Maryland Gov. Larry Hogan issued an emergency order Thursday amid the ongoing surge in coronavirus cases throughout the state, putting a restriction on nonessential travel as Christmas approaches.
Hogan said incoming visitors and those who plan to journey outside the state must receive a negative COVID-19 test result or self-quarantine for 10 days.
“We all look forward to hosting or attending family gatherings and holiday parties,” the Republican governor said during a press conference in Annapolis. “Unfortunately, these are the very things contract tracing consistently shows are the most dangerous things we can do. You are safer at home for the holidays this year.”
Residents in neighboring jurisdictions — Virginia, Pennsylvania, Delaware and Washington, D.C. — are exempt from the order, as is another notable exception who’ll be allowed to trek across Maryland and spread good cheer.
“I have issued a very special emergency order which exempts the one true Santa Claus who resides at the North Pole,” Hogan said. “All non-human elves affiliated with Santa and the reindeer necessary for the propulsion of Santa’s sleigh [are exempt] from any and all travel and testing quarantine requirements.
“Santa says he will be wearing his mask and he asked me to remind all the kids out there to please remember to leave the milk and cookies out as always,” he said.
On a more serious note, Hogan also announced in-person services at state agencies will be suspended for two weeks starting Monday.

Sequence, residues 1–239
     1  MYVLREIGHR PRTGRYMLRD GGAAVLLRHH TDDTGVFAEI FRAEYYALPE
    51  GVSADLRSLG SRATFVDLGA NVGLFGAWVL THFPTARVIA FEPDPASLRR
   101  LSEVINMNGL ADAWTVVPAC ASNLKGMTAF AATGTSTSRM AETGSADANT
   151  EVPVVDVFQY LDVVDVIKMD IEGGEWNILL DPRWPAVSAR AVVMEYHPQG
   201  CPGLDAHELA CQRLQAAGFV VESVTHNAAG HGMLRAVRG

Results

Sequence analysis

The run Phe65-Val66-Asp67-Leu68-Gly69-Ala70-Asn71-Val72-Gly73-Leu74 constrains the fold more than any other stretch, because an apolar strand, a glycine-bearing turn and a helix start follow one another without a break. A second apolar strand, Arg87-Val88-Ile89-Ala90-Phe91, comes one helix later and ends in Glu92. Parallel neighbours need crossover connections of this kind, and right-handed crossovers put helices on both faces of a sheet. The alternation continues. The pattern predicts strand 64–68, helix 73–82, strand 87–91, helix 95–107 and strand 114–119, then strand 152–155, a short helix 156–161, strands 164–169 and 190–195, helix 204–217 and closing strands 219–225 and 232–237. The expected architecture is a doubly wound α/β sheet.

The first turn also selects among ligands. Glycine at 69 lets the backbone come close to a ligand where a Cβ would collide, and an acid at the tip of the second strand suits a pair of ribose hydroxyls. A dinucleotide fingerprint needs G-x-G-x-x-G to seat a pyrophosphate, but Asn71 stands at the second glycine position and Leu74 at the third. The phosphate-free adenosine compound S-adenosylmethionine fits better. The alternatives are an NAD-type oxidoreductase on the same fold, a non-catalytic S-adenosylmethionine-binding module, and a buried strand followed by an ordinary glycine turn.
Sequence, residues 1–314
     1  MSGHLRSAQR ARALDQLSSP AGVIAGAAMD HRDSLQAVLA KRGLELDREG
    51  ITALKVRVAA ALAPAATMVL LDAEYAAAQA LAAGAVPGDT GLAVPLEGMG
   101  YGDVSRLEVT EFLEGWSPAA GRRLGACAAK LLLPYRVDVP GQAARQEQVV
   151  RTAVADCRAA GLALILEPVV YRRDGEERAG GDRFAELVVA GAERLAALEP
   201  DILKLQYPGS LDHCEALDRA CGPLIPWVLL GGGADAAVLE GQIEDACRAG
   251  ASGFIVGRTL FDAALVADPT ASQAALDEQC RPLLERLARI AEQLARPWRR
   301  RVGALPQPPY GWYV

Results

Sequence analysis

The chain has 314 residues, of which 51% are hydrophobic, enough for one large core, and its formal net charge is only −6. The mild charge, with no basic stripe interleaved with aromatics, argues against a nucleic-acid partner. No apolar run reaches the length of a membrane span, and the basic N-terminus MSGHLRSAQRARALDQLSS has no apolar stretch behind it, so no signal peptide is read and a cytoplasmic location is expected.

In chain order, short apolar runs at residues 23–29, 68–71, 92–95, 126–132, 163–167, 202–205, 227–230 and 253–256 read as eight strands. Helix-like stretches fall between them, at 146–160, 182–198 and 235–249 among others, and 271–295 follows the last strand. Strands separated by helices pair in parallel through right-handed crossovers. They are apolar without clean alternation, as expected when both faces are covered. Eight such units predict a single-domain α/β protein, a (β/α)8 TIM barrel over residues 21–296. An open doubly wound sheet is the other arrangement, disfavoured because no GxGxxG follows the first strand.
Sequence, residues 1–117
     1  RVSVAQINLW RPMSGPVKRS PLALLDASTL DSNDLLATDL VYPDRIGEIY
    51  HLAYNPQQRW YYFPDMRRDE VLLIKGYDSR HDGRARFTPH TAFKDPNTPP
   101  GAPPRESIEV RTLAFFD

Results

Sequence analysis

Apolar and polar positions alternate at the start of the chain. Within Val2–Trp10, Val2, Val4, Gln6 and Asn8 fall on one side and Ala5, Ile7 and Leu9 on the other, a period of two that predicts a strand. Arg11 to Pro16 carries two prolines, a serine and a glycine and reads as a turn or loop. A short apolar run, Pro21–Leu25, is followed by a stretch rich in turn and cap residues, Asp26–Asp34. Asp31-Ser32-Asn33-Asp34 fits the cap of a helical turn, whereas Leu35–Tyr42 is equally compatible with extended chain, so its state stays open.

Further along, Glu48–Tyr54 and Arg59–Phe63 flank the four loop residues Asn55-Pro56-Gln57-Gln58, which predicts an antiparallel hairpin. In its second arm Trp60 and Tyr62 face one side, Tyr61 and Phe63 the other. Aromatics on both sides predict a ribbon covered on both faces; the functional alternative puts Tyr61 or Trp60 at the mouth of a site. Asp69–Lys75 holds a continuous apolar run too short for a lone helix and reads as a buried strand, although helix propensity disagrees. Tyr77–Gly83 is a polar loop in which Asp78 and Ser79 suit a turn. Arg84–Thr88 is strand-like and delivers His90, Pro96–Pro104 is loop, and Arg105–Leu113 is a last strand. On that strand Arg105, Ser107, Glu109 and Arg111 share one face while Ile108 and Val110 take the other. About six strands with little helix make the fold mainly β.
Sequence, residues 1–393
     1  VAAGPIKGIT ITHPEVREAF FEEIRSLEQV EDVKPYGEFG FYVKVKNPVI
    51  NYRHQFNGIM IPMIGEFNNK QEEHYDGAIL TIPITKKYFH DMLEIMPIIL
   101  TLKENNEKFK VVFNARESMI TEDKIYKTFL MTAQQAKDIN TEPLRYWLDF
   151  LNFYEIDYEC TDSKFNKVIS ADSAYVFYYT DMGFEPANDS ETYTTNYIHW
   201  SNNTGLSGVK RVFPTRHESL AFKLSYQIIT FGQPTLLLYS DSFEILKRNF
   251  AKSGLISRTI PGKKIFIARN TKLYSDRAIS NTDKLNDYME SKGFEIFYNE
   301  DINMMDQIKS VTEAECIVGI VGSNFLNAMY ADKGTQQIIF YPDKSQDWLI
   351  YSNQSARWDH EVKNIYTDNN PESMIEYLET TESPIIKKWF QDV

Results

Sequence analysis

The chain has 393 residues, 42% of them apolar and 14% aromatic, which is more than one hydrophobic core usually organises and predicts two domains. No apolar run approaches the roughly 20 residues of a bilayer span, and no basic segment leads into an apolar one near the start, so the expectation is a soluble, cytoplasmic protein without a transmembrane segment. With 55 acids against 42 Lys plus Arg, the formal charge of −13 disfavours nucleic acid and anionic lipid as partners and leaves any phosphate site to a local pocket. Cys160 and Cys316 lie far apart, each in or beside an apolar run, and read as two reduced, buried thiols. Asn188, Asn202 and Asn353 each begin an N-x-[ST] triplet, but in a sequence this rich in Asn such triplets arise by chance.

Greg Slater, secretary for the state transportation department, said the transit operations to be closed include EZPass customer service centers, MTA Transit Store and all Motor Vehicle Administration branches. Two local offices in Prince George’s County are in Largo and Beltsville.
For people who must commute to work, Slater said they must wear masks or other face coverings and maintain social distancing.
“If you don’t have to travel, please don’t,” said Slater, who began his job exactly one year ago as transportation secretary.
On Thursday, the state health department reported 2,217 confirmed cases, bringing the statewide total to nearly 244,000. Another 49 people died from COVID-19, the disease caused by the novel coronavirus.
In terms of the economy, Hogan announced the state will provide an economic relief package of $180 million.
The funding includes $50 million for hotels, motels and other hospitality businesses toward payroll expenses, rent and utilities.
About $40 million will provide a boost in temporary cash assistance slated to help 66,000 families and another $40 million to disability care providers that will help more than 17,000 people.
The other funding includes:
• $30 million for restaurants.
• $15 million for the Main Street program through the state Department of Community Housing and Urban Development.
• $5 million to help “socially or economically damaged businesses,” with a specific focus for those located in rural counties.
“We will continue to take every action we can at the state level to help those most in need,” Hogan said.